Because internal definitions look sequential but are actually simultaneous, some people prefer to avoid them entirely, and use the special form letrec instead. Letrec looks like let, so it is not surprising that the variables it binds are bound simultaneously and have the same scope as each other. The sample procedure f above can be written without internal definitions, but with exactly the same meaning, as
(define (f x) (letrec ((even? (lambda (n) (if (= n 0) true (odd? (- n 1))))) (odd? (lambda (n) (if (= n 0) false (even? (- n 1)))))) rest of body of f))
Letrec expressions, which have the form
(letrec ((var1 exp1) ... (varn expn)) body)
are a variation on let in which the expressions <expk> that provide the initial values for the variables <vark> are evaluated in an environment that includes all the letrec bindings. This permits recursion in the bindings, such as the mutual recursion of even? and odd? in the example above, or the evaluation of 10 factorial with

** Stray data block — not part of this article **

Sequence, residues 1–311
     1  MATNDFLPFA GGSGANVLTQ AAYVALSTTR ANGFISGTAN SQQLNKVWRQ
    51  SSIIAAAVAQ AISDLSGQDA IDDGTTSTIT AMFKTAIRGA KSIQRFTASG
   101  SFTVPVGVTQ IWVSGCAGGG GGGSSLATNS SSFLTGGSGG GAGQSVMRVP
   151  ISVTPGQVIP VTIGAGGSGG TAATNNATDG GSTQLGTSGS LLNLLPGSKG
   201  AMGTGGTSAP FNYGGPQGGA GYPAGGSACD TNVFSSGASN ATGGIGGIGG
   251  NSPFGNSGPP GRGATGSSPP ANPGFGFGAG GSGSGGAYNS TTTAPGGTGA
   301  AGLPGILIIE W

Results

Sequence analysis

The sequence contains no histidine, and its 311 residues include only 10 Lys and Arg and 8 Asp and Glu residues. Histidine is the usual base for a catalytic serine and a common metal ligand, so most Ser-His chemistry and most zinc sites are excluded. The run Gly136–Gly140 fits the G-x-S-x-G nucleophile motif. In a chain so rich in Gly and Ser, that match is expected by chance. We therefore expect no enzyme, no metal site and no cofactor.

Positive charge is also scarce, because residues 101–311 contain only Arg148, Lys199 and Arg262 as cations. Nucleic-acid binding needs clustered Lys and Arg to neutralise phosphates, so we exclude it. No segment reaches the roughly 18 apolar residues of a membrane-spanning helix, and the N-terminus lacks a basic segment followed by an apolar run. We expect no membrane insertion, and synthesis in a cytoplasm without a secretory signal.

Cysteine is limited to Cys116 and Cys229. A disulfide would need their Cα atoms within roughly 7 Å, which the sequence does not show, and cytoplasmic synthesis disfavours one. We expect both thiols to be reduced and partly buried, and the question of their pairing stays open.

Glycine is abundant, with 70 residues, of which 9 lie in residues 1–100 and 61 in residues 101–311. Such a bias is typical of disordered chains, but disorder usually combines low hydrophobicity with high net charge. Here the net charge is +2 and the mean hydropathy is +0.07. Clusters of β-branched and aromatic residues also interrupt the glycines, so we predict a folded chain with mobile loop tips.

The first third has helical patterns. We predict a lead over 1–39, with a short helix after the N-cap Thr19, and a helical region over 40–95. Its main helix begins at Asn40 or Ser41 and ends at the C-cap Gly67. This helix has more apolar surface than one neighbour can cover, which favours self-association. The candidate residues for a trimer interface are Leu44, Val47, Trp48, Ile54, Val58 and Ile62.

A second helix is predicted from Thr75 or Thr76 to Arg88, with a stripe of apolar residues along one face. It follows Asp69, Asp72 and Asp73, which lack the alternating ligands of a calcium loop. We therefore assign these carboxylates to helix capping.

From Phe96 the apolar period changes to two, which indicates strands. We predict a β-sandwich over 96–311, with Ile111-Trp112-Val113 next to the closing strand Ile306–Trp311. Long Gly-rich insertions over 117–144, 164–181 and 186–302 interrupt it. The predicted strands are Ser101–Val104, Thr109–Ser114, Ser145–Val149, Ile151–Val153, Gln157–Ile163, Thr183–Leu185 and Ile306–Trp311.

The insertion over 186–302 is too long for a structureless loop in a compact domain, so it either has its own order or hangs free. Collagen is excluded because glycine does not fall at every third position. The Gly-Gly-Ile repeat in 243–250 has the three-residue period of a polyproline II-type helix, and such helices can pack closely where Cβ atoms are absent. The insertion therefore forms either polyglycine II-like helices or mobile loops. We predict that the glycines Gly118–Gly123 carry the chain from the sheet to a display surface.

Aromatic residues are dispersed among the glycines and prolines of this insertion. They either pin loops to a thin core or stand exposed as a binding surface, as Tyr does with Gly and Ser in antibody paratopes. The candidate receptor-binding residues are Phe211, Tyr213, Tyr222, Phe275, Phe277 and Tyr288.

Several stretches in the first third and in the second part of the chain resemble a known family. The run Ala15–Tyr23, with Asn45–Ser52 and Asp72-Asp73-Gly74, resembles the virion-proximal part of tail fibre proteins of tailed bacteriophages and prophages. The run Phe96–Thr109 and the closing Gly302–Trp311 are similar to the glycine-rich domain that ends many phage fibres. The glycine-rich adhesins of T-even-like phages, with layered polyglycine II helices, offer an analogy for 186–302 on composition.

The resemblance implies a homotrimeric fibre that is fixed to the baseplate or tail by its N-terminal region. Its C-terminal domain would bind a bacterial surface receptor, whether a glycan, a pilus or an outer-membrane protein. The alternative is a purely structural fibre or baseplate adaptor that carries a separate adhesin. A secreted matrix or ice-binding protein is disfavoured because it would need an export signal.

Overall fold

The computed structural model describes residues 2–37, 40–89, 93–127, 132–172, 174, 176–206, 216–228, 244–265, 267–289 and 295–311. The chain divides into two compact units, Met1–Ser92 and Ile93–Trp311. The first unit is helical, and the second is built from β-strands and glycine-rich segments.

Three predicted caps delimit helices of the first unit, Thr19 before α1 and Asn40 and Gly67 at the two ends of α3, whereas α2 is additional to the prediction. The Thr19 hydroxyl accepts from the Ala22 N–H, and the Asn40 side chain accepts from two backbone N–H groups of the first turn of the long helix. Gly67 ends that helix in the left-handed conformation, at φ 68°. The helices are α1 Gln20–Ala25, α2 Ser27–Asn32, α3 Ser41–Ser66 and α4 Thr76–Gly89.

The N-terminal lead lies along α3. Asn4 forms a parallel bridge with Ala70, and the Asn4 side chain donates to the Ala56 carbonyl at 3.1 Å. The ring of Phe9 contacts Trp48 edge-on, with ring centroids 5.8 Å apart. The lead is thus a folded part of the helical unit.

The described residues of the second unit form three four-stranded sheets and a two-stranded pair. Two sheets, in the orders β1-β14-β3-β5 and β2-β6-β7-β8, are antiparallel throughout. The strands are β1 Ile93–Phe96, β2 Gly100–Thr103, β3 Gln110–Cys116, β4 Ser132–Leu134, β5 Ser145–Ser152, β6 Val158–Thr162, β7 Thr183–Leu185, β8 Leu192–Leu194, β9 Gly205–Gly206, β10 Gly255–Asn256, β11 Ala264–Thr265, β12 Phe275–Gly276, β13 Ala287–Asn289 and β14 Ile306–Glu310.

(letrec ((fact (lambda (n) (if (= n 1) 1 (* n (fact (- n 1))))))) (fact 10))
a. Implement letrec as a derived expression, by transforming a letrec expression into a let expression as shown in the text above or in exercise 4.18 . That is, the letrec variables should be created with a let and then be assigned their values with set!.
b. Louis Reasoner is confused by all this fuss about internal definitions. The way he sees it, if you don't like to use define inside a procedure, you can just use let. Illustrate what is loose about his reasoning by drawing an environment diagram that shows the environment in which the <rest of body of f> is evaluated during evaluation of the expression (f 5), with f defined as in this exercise. Draw an environment diagram for the same evaluation, but with let in place of letrec in the definition of f.
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